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How are the cells (say 2V) of a typical lead acid battery connected

  1. Nov 15, 2009 #1
    How are the cells (say 2V) of a typical lead acid battery connected in series to increase voltage to 12V when all the neg. plates are connected together and all the positive plates are connected together which as I understand is the principle of connecting two batteries in parallel (pos. terminal to pos. terminal and neg. terminal to neg. terminal) which does NOT increase voltage, only capacity ?? For sure I'm missing a basic concept.
     
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  3. Nov 15, 2009 #2

    mgb_phys

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    Re: Batteries

    Think of voltage as electrical pressure - with all the 2v cells in a row the pressures ad up to give a lot more pressure but only the strength of a single cell. With the cells in parallel it's just like one big cell so they only have one lot of pressure but much more strength.

    A good way to think of cells in parallel is to just think of joining the plates of the cell together. If you made the plate twice as big, or made two plates the same size and welded them together, or made two plates the same size and connected them with a wire = the same thing
     
  4. Nov 15, 2009 #3

    Pythagorean

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    Re: Batteries

    mbg, this sound a lot like a capacitor. Am I taking their similarities too far? I'm realizing we never studied cells in either EE or physics.
     
  5. Nov 15, 2009 #4

    mgb_phys

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    Re: Batteries

    No, it's also a good way of picturing capacitors in series and parallel
     
  6. Nov 15, 2009 #5

    vk6kro

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    Re: Batteries

    How are the cells (say 2V) of a typical lead acid battery connected in series to increase voltage to 12V when all the neg. plates are connected together and all the positive plates are connected together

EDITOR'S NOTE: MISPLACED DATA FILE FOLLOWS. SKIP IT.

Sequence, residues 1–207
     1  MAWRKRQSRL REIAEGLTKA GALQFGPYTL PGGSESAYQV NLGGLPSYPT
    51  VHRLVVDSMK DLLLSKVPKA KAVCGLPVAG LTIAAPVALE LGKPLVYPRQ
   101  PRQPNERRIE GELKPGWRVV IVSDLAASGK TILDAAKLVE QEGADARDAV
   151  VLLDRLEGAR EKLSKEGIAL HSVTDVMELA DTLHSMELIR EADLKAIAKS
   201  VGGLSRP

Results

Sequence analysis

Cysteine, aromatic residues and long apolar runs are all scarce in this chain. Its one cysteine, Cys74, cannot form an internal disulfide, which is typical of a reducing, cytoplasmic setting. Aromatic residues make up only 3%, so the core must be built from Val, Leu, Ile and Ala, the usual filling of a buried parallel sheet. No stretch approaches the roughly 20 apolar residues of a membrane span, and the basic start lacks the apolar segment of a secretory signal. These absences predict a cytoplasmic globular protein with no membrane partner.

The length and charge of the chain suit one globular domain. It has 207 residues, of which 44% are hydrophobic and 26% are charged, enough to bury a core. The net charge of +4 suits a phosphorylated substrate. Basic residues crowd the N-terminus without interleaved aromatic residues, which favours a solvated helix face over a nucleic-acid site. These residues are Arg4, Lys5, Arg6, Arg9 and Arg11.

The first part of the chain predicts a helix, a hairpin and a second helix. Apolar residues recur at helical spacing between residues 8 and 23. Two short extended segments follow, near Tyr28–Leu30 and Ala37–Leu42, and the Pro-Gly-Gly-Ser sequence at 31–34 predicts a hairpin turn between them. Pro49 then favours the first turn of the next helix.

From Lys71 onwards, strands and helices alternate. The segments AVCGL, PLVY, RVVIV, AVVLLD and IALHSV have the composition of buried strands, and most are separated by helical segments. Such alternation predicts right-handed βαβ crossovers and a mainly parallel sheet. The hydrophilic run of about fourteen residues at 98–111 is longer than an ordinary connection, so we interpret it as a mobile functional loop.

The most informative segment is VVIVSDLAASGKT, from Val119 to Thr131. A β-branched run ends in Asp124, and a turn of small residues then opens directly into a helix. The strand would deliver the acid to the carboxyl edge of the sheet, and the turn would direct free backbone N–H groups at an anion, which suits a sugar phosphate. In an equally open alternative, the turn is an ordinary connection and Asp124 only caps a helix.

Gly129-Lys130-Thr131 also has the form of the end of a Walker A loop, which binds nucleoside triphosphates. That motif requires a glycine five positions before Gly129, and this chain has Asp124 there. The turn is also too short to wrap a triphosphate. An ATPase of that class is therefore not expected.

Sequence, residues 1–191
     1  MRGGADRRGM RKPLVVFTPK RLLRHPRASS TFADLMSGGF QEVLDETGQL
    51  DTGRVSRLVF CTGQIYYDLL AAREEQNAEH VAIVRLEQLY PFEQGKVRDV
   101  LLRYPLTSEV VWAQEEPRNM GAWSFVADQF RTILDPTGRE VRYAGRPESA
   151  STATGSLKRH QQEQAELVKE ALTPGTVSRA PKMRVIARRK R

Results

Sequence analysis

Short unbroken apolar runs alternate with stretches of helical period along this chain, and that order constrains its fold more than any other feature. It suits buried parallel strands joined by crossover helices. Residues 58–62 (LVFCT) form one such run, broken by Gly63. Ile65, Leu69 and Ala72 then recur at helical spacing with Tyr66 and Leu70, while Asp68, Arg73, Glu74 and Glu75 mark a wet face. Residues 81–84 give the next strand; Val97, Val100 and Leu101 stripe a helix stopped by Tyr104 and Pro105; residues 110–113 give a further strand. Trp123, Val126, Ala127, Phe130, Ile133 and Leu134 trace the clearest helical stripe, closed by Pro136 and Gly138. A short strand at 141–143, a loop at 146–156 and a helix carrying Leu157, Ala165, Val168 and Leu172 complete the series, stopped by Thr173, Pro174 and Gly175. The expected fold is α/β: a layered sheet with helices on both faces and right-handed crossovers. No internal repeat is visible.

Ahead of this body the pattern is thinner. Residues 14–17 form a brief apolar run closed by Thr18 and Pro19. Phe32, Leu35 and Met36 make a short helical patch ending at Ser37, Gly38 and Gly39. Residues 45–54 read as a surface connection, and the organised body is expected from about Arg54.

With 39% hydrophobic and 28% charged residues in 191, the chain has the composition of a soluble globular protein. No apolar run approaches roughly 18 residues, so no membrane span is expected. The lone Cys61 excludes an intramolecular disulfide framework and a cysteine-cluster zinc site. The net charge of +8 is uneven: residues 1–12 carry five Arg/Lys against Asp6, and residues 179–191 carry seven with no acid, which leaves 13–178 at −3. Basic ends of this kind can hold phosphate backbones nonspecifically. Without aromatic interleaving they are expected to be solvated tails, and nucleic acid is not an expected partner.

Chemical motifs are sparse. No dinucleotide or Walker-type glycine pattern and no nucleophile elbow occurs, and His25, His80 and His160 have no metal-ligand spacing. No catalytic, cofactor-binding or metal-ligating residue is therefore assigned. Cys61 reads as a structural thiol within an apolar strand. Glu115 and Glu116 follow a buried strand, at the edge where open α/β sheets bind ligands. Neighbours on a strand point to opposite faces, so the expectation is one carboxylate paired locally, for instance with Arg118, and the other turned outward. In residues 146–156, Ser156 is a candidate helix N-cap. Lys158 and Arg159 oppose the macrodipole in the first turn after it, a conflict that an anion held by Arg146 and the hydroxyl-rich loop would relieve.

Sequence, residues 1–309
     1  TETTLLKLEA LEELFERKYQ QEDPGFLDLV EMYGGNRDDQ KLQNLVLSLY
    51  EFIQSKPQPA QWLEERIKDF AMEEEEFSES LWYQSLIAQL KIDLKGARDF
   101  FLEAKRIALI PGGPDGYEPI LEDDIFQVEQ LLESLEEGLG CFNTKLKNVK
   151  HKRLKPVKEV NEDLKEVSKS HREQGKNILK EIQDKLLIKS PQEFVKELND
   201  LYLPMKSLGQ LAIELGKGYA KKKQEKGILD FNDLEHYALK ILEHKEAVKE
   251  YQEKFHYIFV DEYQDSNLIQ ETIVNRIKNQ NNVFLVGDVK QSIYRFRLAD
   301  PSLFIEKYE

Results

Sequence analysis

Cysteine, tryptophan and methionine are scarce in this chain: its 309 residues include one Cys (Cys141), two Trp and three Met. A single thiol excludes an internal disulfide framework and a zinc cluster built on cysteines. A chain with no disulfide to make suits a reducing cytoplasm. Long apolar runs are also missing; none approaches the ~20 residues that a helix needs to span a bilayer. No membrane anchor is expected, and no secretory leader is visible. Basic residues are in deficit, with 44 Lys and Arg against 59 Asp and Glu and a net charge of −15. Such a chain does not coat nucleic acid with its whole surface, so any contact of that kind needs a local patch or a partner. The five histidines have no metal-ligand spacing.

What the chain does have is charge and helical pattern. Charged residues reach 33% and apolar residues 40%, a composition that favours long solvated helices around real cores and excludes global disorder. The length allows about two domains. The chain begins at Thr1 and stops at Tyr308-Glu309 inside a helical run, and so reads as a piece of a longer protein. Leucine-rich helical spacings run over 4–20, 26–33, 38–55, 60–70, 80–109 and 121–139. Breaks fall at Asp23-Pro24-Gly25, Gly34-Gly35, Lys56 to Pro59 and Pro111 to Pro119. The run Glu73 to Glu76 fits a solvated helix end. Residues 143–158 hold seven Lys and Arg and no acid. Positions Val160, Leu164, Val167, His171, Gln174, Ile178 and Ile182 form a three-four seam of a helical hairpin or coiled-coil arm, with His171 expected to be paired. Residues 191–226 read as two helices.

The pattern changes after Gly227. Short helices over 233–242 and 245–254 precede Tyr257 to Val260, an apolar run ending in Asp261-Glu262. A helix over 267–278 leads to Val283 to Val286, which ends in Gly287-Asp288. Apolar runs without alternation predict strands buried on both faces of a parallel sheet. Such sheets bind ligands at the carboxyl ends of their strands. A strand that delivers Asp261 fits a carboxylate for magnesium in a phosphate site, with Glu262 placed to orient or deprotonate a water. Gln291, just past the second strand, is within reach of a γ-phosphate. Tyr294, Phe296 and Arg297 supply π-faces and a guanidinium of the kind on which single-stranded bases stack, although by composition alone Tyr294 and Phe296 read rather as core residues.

The car battery has 6 separate cells in it and they are internally connected in series.
    They then bring the two end connections out for you to use.

    They are NOT connected in parallel.
     
  7. Nov 17, 2009 #6

    MacLaddy

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    Re: Batteries

    With the explanations above I still don't understand how wiring in parallel would increase the voltage to 12v? I thought you could only raise the voltage if you wired in series?

    For vk6kro's car battery example all six cells would be supplying 12 volts in parallel, not 2, correct?
     
  8. Nov 17, 2009 #7

    mgb_phys

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    Re: Batteries

    It doesn't - all the examples are describing how to connect them in series.
    I was explaining that if you conected them in parallel it was no different to a single cell and so no change in voltage
     
  9. Nov 17, 2009 #8

    MacLaddy

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    Re: Batteries

    Oh, I think there must be some miscommunication from the op's original question, because it sounded like they were describing a system in parallel.

    It's all new to me.
     
  10. Nov 17, 2009 #9

    mgb_phys

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    Re: Batteries

    The OP is wrong in thinking that all the plates are connected in parallel in a car battery they are connected in series to increase the voltage.
     
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